Mac threw his lure at a big stump sticking out of the water and the lure stuck to the stump like it was velcro'd in place.
            Mac reeled in all the slack and began popping the lure to try and get it to come loose.
            Bob and me both grabbed oars and told Mac we'll row you over there.
            "That's okay," Mac said, "I've got it.", gave the rod a mighty snatch and broke about 6 inches off the end of the new Ugly Stik!
            Mac's face turned beet red and he began wrapping the 20 lb test mono around his hand.
            Again, Bob and me told him we would row him to the lure. In a rage, Mac gave the line another mighty tug.......you could hear the lure whistling through the still, moist air....smacking Mac squarely between his nose and upper lip! Dead center!
            Knocked his glasses off, thankfully, into the bottom.of the boat!
            Bob and me are bent over in peals of laughter!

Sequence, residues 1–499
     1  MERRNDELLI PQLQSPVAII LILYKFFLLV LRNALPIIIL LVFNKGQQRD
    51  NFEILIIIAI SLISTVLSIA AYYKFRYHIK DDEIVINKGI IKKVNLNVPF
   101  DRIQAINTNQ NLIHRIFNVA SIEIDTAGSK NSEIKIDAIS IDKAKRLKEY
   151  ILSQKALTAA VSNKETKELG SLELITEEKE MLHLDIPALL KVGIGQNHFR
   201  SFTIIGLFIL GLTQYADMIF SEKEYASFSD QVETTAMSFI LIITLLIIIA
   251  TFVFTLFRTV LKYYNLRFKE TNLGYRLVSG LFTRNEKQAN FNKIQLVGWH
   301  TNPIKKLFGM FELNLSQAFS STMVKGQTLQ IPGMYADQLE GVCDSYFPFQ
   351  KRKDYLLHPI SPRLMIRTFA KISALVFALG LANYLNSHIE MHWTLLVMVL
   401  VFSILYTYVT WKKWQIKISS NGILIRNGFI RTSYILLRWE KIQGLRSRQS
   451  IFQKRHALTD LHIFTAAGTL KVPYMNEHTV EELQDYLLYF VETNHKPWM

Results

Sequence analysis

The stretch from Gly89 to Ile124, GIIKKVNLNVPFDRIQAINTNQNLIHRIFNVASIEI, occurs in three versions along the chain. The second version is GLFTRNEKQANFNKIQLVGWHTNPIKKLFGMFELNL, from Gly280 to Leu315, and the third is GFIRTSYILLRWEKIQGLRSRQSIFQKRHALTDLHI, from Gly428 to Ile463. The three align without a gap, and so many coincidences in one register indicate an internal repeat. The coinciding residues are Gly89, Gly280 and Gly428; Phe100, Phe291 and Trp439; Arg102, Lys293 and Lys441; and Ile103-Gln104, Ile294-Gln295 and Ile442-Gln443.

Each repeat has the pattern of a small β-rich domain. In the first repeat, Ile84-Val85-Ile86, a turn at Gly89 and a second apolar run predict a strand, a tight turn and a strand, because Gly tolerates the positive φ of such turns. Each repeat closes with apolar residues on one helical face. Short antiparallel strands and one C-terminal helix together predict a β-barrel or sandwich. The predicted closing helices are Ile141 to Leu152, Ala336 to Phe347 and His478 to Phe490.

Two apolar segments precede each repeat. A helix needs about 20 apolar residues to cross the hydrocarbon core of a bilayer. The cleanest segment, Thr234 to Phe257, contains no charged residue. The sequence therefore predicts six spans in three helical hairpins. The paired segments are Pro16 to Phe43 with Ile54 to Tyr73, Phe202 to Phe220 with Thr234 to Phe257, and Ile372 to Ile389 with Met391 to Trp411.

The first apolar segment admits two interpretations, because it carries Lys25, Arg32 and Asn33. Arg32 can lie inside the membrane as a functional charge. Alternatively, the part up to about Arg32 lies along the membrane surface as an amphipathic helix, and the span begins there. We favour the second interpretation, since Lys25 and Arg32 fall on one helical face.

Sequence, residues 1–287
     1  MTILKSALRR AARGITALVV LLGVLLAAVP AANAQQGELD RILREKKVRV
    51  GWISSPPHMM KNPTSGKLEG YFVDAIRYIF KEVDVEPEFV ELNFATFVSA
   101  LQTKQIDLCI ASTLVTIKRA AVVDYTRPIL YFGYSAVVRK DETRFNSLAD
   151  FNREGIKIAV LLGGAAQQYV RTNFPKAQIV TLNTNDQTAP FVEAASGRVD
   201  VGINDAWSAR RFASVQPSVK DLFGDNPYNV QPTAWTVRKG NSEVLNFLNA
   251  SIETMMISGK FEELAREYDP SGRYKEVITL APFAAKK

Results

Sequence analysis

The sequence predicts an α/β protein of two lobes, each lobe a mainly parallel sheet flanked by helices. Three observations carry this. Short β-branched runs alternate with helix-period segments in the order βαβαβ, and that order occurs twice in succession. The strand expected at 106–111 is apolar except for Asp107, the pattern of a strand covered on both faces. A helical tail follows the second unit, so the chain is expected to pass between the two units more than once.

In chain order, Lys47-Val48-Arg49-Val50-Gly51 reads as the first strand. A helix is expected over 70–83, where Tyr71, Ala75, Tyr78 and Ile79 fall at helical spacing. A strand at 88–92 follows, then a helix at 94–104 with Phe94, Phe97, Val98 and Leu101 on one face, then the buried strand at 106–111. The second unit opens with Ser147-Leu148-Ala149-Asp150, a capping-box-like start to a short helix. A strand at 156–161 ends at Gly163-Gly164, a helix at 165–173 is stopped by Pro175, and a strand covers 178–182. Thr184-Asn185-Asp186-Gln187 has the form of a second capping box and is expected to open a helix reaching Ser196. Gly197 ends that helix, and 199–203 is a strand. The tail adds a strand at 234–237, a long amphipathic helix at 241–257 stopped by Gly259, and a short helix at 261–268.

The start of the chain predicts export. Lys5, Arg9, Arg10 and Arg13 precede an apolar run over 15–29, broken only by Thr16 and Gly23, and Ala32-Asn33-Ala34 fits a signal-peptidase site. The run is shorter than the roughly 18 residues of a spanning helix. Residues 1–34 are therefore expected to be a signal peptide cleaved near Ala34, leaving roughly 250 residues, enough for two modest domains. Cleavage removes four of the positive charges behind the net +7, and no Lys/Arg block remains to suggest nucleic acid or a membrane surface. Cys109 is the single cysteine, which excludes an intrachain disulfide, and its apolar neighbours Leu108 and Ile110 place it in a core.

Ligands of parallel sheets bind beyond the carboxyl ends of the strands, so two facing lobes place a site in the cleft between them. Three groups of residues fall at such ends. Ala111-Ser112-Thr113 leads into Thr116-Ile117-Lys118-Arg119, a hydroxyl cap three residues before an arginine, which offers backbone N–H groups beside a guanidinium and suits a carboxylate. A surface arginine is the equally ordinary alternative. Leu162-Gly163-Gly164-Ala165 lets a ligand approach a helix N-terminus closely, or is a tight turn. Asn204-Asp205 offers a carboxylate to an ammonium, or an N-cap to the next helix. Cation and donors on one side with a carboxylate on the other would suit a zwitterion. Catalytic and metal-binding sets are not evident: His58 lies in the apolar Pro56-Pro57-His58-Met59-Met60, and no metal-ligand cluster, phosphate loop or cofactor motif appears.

it's been over forty years, but I can still bring Bob to fits of laughter by saying, "Mac and the SOB.".

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            • #7
              I honestly never cared much for Ugly Stick rods, dunno why really.

              I haven’t priced fishing gear since having to replace everything that we lost in Canada. We ended up with 6 Fenwick Eagle rods and a Lews Speed Stick and I’m pleased with all of them. They retail for $60 but I picked them up for 25% off.

              Thing is you can get some very serviceable rods these days for not much money. What’s nice is they don’t really wear out, if you’re careful with them you’ll get a lot of use for what you spend.

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              • #8
                Has forgotten Lew's Speed Stik's.
                Very nice, serviceable rods.
                I can remember when a "Fenwick" fiberglass noodle rod was about all you could get.